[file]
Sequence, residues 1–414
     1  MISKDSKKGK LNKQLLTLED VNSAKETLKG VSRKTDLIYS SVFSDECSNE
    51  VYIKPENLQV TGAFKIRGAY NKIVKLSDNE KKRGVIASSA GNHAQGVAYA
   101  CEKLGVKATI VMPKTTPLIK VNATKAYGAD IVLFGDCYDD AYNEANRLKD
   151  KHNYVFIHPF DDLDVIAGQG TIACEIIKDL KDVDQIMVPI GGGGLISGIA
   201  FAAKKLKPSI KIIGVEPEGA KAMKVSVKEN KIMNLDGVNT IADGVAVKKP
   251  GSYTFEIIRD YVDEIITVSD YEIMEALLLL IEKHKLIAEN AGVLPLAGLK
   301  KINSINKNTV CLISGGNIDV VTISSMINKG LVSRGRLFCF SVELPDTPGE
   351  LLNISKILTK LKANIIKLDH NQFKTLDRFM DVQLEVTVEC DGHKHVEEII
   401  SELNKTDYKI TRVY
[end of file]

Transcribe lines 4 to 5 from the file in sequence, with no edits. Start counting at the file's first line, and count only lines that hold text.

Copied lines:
   101  CEKLGVKATI VMPKTTPLIK VNATKAYGAD IVLFGDCYDD AYNEANRLKD
   151  KHNYVFIHPF DDLDVIAGQG TIACEIIKDL KDVDQIMVPI GGGGLISGIA